By DIANA CHENG
EDMONTON (March 13, 2016) — A couple of years ago, I was surprised to read about Jhumpa Lahiri moving to Italy to live, even just for a few years.
Author of four works of fiction – Interpreter of Maladies, The Namesake, Unaccustomed Earth, and The Lowland – at the prime of her writing and teaching career, having received the O. Henry Award in 1999, the Pulitzer in 2000, and her latest The Lowland shortlisted for the Booker in 2013, Lahiri decided to uproot her family and move to Italy to totally immerse in the Italian language. That means speaking, reading and writing in Italian.
In Other Words is Lahiri’s brave and candid account as a language learner. It compiles twenty-one essays and two short stories which she wrote in Italian. It is like swimming out into the lake instead of safely hanging around the shore, a metaphor Lahiri uses to denote her language learning experience. From what she describes about the challenges, the risks, the loss of anchor, the inability to express herself and be literate, let alone literary, the disorientation, the total humbling, her venture is more like jumping off a precipice to billowy waters of unfathomable depth.
My hats off to Lahiri’s honest revealing of her frustrations and her strive for an identity; yes, after all, language is a major determinant of identity, one which is, unfortunately, superseded by one’s outer appearance and racial features. So it is heart-wrenching to read that despite her love for the Italian language, her total devotion to adopt it not just to live but as a tool of her trade as a writer, she is often seen as an outsider, a foreigner, barred from acceptance. Even when she speaks to Italians fluently in their language, they would respond to her in English.
English, that’s the rub. I was surprised to read that, while she had achieved so much in her literary career as a writer in English, she chose to discard it to totally immerse in Italian. In the chapter entitled “The Metamorphosis”, she candidly admits that her writing in Italian (which she had been learning in America for some twenty years before) is a flight:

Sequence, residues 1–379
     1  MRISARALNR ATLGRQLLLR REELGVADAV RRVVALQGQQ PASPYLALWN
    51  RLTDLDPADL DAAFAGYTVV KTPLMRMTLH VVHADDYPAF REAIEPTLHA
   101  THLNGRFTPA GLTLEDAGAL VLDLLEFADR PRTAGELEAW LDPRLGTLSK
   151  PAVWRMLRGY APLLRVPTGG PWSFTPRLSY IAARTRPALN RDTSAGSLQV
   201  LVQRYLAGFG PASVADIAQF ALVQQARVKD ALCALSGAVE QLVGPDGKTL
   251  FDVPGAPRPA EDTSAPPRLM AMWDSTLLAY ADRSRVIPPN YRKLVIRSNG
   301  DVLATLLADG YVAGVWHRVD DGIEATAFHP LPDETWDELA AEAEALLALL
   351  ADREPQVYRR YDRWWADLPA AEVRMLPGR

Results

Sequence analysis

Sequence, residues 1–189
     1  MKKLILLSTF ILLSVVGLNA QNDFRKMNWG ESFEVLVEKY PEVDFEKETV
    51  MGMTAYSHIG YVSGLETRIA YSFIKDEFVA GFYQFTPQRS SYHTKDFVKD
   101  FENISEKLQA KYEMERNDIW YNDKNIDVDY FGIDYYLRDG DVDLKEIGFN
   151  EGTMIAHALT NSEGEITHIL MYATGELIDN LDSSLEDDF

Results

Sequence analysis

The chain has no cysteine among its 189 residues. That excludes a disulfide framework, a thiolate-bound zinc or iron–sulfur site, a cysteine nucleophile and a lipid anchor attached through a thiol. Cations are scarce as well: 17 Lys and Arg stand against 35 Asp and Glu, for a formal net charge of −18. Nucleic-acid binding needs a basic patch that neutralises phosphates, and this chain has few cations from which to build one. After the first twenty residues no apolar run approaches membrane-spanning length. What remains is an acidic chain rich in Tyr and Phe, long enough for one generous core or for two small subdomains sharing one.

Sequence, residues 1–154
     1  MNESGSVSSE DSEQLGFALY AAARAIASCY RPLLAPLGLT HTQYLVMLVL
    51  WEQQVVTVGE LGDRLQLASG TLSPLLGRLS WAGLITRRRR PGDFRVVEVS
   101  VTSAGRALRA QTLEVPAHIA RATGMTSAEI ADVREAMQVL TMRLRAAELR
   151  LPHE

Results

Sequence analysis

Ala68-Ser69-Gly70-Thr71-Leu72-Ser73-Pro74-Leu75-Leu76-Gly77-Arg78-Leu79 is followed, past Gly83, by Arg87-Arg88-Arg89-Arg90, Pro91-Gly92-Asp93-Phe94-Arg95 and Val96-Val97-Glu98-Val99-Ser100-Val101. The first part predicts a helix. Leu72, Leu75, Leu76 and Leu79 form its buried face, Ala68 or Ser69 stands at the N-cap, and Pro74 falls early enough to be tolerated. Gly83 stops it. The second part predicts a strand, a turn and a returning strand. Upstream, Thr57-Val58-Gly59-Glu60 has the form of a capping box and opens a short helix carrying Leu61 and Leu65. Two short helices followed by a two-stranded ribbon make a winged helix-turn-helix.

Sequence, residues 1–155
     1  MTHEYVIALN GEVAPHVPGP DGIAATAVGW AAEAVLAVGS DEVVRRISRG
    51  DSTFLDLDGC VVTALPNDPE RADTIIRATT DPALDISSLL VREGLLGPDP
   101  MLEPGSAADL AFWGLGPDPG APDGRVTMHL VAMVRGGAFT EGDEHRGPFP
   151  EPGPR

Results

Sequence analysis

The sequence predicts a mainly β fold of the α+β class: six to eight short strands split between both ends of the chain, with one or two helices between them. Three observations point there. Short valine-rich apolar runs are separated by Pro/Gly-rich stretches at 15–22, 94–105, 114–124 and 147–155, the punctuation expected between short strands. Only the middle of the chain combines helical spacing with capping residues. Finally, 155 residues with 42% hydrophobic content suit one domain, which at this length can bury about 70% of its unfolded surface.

[“Why am I fleeing? What is pursuing me? Who wants to restrain me?
The most obvious answer is the English language. But I think it’s not so much English in itself as everything the language has symbolized for me…It has represented a culture that had to be mastered, interpreted. I was afraid that it meant a break between me and my parents. English denotes a heavy, burdensome aspect of my past. I’m tired of it….”
Of course, that’s also the language that she loved, and succeeded with. The conflict in identity, first as an Indian immigrant with Bangali as her mother tongue, then as a writer in English who had garnered the Pulitzer Prize, an award that she felt she did not deserve, had shrouded her with unresolved tensions. Lahiri had felt deeply the tug of war between her parental heritage and adopted land. A rejection of both had silently crept in. Italian provides a way out:
[“Italian offers me a very different literary path. As a writer I can demolish myself, I can reconstruct myself, I can join words together and work on sentences without ever being considered an expert. I’m bound to fail when I write in Italian, but, unlike my sense of failure in the past, this doesn’t torment or grieve me.”
Unbelievably surprising and honest, written in Italian and translated by The New Yorker editor Ann Goldstein, the bilingual book compiles both the English and the Italian versions.
If this book was published a couple of decades earlier, I would likely have another topic for my thesis in my graduate work on second language learning; not only that, my view of English being the lingua franca, the language holding linguistic hegemony, would have completely changed as well.